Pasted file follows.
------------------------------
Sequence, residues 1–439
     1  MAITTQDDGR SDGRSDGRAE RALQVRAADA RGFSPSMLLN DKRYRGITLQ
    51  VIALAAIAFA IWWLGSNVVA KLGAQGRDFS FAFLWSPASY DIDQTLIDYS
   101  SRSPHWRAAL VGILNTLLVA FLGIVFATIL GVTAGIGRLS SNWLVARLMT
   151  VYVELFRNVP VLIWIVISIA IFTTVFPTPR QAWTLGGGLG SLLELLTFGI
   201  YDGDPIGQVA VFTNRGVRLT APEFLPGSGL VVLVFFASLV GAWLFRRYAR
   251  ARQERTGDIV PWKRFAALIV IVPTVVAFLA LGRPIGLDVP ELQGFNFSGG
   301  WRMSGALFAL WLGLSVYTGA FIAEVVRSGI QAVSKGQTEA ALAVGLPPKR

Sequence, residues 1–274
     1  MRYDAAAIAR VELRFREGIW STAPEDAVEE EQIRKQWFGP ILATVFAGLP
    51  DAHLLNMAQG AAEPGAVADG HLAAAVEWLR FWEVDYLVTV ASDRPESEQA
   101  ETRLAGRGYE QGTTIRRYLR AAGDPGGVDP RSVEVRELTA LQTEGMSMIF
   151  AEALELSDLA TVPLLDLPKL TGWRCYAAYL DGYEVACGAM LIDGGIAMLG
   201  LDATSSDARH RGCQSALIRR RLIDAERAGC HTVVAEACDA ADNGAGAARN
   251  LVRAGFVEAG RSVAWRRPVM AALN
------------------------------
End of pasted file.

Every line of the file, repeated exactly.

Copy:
Sequence, residues 1–439
     1  MAITTQDDGR SDGRSDGRAE RALQVRAADA RGFSPSMLLN DKRYRGITLQ
    51  VIALAAIAFA IWWLGSNVVA KLGAQGRDFS FAFLWSPASY DIDQTLIDYS
   101  SRSPHWRAAL VGILNTLLVA FLGIVFATIL GVTAGIGRLS SNWLVARLMT
   151  VYVELFRNVP VLIWIVISIA IFTTVFPTPR QAWTLGGGLG SLLELLTFGI
   201  YDGDPIGQVA VFTNRGVRLT APEFLPGSGL VVLVFFASLV GAWLFRRYAR
   251  ARQERTGDIV PWKRFAALIV IVPTVVAFLA LGRPIGLDVP ELQGFNFSGG
   301  WRMSGALFAL WLGLSVYTGA FIAEVVRSGI QAVSKGQTEA ALAVGLPPKR

Sequence, residues 1–274
     1  MRYDAAAIAR VELRFREGIW STAPEDAVEE EQIRKQWFGP ILATVFAGLP
    51  DAHLLNMAQG AAEPGAVADG HLAAAVEWLR FWEVDYLVTV ASDRPESEQA
   101  ETRLAGRGYE QGTTIRRYLR AAGDPGGVDP RSVEVRELTA LQTEGMSMIF
   151  AEALELSDLA TVPLLDLPKL TGWRCYAAYL DGYEVACGAM LIDGGIAMLG
   201  LDATSSDARH RGCQSALIRR RLIDAERAGC HTVVAEACDA ADNGAGAARN
   251  LVRAGFVEAG RSVAWRRPVM AALN